Essay: Urotensin II (U-II)

Urotensin II (U-II), a potent mammalian vasoconstrictor peptide, was initially isolated and characterized from the Gillichthys mirabilis (goby) urophysis (Pearson et al., 1980). Later, human U-II cDNA was cloned, and hU-II appeared as an eleven amino acid peptide with cysteine residues in positions 5 and 10, forming a disulfide bridge through their side chains (Coulouarn et al., 1998). The most prominent effects of U-II are observed in the mammalian cardiovascular arterial system in which it was frequently identified as the most potent vasoconstrictor. Douglas et al. (2000a) investigated the vasoconstricting effect of human U-II (hU-II) showing that both potency and efficacy varied significantly between species, individuals, and vessels. As such, hU-II was described as the most potent vasoconstricting compound on the rat thoracic aorta, but in mouse, whatever vessels were tested, no vasoconstriction was recorded. On the other hand, hU-II was a potent vasoconstrictor on nonhuman primate arteries (Ames et al., 1999; Douglas et al., 2000b). Abdominal and small pulmonary arteries showed a potent vasodilation to hU-II in presence of endothelium (Stirrat et al., 2001). Additional in vitro studies have shown that hU-II is a potent inotropic agent on human cardiac muscle (Russell et al., 2001) and that it induces vascular smooth muscle cell (VSMC) proliferation (Watanabe et al., 2001). Especially in VSMC, U-II induced signaling via U-II receptor is well characterized. After ligand binding, the Gq protein coupled receptor activates the PLC-PKC cascade, thereby inducing Ca2+ mobilization and calmodulin/MLC kinase mediated contraction. Furthermore, RhoA and MAPK signaling contribute to VSMC contraction and cell proliferation (Tasaki et al., 2004, 2002; Sauzeau et al., 2001, Iglewski et al., 2010). In vivo reports regarding U-II vascular effects appeared inconclusive since two independent studies using identical procedure showed opposite results (B??hm and Pernow, 2002; Wilkinson et al., 2002). Nevertheless, the potency of hU-II as a vasoconstricting, vasodilating, or inotropic agent strongly suggests a key role of this peptide in the cardiovascular homeostasis.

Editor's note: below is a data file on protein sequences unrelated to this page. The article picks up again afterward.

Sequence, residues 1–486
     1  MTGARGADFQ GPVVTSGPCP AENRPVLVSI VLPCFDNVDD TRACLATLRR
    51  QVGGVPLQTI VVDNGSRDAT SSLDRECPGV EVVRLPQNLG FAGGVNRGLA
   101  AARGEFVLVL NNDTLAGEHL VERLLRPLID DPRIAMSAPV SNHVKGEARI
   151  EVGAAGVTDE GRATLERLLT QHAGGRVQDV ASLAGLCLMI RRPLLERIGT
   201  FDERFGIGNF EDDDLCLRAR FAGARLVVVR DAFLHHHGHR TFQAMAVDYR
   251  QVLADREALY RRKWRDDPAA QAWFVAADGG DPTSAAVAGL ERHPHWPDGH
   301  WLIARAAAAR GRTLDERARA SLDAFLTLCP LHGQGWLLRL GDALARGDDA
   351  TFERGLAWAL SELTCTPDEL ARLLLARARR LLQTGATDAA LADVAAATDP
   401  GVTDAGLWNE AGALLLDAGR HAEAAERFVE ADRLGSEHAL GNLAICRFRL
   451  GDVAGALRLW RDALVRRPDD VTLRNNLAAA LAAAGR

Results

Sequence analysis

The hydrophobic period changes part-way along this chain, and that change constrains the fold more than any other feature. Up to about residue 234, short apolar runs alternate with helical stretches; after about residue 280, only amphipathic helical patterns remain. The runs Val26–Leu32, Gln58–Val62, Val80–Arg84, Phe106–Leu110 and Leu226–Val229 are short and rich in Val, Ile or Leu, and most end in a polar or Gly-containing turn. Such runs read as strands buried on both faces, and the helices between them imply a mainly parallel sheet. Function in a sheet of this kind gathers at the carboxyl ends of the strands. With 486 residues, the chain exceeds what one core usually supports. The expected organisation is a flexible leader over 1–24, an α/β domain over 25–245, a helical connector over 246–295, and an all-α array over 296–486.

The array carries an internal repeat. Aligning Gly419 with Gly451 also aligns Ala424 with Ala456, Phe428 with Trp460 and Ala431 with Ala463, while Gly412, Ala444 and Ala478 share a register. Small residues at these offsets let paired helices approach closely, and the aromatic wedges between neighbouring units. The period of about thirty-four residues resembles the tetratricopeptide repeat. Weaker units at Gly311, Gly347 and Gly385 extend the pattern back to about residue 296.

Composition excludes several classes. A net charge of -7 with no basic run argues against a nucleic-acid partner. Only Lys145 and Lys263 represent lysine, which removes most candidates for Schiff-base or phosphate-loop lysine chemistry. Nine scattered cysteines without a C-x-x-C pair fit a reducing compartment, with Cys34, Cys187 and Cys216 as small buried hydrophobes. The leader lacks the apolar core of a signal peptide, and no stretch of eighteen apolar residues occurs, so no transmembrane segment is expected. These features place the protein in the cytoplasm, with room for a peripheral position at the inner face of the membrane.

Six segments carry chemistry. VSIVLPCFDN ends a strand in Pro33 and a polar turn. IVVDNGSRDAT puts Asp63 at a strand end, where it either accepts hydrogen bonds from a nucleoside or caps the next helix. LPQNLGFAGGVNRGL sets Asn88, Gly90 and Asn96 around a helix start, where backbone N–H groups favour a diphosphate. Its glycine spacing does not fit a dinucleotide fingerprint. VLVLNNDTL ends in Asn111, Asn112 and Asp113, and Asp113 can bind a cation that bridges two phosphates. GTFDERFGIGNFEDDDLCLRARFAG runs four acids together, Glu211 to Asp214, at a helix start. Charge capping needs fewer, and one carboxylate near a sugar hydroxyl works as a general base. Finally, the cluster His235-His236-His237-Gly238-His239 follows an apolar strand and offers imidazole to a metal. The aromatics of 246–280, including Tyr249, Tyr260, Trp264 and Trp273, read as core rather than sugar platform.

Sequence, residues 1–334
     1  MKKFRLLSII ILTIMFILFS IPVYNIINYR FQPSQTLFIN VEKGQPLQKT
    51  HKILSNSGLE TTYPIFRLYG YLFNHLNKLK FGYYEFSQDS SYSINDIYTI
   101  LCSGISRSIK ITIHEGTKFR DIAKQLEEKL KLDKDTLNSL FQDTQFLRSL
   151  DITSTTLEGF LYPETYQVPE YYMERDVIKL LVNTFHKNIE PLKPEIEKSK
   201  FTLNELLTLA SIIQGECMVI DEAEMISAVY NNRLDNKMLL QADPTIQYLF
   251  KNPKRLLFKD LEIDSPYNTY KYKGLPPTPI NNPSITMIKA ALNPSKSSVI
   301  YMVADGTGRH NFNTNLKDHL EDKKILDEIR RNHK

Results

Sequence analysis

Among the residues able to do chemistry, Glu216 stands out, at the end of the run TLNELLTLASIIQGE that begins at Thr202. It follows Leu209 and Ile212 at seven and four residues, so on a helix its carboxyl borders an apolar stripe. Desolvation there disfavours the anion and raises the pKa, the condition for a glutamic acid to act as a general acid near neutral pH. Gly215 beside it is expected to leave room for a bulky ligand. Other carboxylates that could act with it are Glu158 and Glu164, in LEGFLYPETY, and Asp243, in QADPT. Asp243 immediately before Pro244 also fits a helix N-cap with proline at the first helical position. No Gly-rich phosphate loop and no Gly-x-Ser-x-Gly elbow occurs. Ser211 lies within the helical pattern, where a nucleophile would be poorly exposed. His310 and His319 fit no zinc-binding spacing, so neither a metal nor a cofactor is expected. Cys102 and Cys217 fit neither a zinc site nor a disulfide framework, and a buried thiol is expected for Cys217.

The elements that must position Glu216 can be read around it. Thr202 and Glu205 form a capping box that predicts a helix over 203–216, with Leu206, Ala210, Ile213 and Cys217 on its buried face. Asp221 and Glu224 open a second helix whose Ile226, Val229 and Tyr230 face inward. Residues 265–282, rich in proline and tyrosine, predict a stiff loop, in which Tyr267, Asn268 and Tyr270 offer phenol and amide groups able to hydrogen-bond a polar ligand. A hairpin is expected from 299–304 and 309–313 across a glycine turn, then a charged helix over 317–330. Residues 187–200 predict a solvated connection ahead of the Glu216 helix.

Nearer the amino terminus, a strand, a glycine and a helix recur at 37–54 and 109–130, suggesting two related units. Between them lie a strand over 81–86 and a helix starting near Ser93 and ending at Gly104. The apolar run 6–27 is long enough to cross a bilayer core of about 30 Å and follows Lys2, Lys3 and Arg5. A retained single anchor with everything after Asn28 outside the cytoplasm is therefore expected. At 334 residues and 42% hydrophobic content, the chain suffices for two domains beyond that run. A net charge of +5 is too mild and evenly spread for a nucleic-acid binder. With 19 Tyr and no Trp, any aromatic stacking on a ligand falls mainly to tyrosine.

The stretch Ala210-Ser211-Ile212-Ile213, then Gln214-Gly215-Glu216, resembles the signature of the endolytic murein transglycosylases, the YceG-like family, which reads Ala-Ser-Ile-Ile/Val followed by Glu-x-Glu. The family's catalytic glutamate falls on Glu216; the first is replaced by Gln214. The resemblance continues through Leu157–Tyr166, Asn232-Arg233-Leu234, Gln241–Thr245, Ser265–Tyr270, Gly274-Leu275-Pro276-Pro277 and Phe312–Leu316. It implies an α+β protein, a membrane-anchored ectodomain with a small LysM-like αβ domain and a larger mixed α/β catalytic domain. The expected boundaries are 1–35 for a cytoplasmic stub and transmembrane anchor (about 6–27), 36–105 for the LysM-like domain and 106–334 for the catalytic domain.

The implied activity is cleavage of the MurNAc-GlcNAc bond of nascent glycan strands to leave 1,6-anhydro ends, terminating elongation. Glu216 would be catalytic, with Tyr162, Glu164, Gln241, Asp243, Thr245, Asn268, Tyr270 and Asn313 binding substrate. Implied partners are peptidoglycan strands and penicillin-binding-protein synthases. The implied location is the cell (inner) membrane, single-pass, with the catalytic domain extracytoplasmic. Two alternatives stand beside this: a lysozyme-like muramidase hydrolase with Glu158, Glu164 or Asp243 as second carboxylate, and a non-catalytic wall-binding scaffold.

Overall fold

These observations are well matched with the hypothesis that U-II might be involved in various diseases, including cardiovascular pathologies such as hypertension and arteriosclerosis. Thus, the U-II biological system exhibits a remarkable potential for the development of novel therapeutic strategies, especially those related to the treatment of cardiovascular diseases. Such developments require a precise knowledge of the pharmacophoric elements within U-II that are essential for affinity and activity of this peptide. So far, because of its resemblance to somatostatin (SST), it is conceivable that some of the critical structural features already described for SST are shared with U-II. Accordingly, both peptides contain the tripeptide Phe, Trp, Lys followed by the hydroxylated residue Thr or Tyr. Moreover, it was demonstrated in SST that an interaction between the aromatic moieties of residues Phe-6 and Phe-11 stabilizes the orientation of residues Phe-7, Trp-8, Lys-9, and Thr-10. Correspondingly/Similarly, the disulfide bridge in U-II would act in a similar manner. Structure-activity relationship (SAR) studies of SST already showed that these pharmacophoric features are essential for the SST biological activity (Janecka et al., 2001). Furthermore, previous fish U-II (Itoh et al., 1987) and human U-II (Kinney et al., 2001, 2002; Flohr et al., 2002) SAR studies showed that the highly conserved C-terminal segment CFWKYCV is the minimal sequence required to maintain a high potency and that Lys-8 appeared as an important residue for U-II activity (Carmada et al., 2002). In addition, substitution of the U-II disulfide bridge with lactam bridges of various lengths showed that the biological activity of U-II is dependent upon the size of the cyclic structure (Grieco et al., 2002). Also another study reported the importance of the ring structure for U-II functional activity (Odagami et al., 2009). However, a systematic and detailed substitution analysis of U-II has not been published.

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